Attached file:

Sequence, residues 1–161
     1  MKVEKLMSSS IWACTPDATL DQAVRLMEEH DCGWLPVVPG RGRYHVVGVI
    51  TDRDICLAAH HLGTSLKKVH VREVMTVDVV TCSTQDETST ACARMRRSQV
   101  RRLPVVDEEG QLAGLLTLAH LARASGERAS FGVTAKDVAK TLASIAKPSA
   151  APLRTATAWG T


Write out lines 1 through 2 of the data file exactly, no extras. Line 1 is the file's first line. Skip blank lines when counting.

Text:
Sequence, residues 1–161
     1  MKVEKLMSSS IWACTPDATL DQAVRLMEEH DCGWLPVVPG RGRYHVVGVI